With the harsh weather in Europe and USA right now people are dealing with large falls of snow. Time for our Industrial Products Division to step in…
Snow can be fun, especially at Christmas but having to shovel heaps of snow days in a row can be very tiring and frustrating. That’s where snow blowers come in handy.
A snow blower/snow thrower is the most convenient machine for clearing snow from an area where it is not wanted, such as a driveway, sidewalk, roadway, railroad track or even runway. It can use either electric power, or a gasoline or diesel engine to throw snow to another location or into a truck to be hauled away.
This is the difference with the action of snow plows, which push snow to the front or side (Please also have a look at our shovels and Neoprene Grips).
Snow blowers range from the very small, capable of removing only a few inches of light snow in an 18 to 20 in (457 to 508 mm) path, to the very large, mounted onto heavy duty winter service vehicles and capable of moving 10-foot (3.05 m) wide, or wider, swaths of heavy snow up to 6 feet (1.83 m) deep.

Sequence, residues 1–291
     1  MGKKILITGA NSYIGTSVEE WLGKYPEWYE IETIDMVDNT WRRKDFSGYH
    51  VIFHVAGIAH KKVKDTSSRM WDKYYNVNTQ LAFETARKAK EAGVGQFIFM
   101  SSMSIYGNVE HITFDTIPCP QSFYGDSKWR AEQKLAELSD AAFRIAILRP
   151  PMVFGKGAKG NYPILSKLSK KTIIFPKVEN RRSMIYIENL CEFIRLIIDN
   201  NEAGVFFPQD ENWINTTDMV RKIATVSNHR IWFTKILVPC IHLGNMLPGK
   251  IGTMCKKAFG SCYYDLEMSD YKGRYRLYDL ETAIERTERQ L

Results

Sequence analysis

Single-stage snow throwers use a single high-velocity impeller to both displace the snow into the machine and drive it out the dispatch chute. The impeller build generally exists of two or more curved plastic paddles that move snow towards the centerline of the machine where the dispatch chute is located. They are able remove up to 2 foot (24 inches) thick snow layers. Single-stage snow blowers are easy to operate and relatively inexpensive, lightweight machines.
Electric snow blowers are best suited for lighter jobs whereas gas powered throwers are better at the slightly heavier duties. Most electric snow blowers are not equipped with a chute. Instead they throw the snow from vanes.
Two-stage snow blowers are more powerful than their single-stage cousins, featuring wider clearing paths and drive mechanisms that move them more easily through the snow. With a two-stage snow blower, an auger breaks up the snow and then a separate impeller spins the snow out of the discharge chute. Home used, they are usually self-propelled, using either large wheels equipped with tire chains or, in some cases, tracks. These are usually single-purpose machines, though some are detachable front ends that can be replaced with other implements, such as a rotary tiller.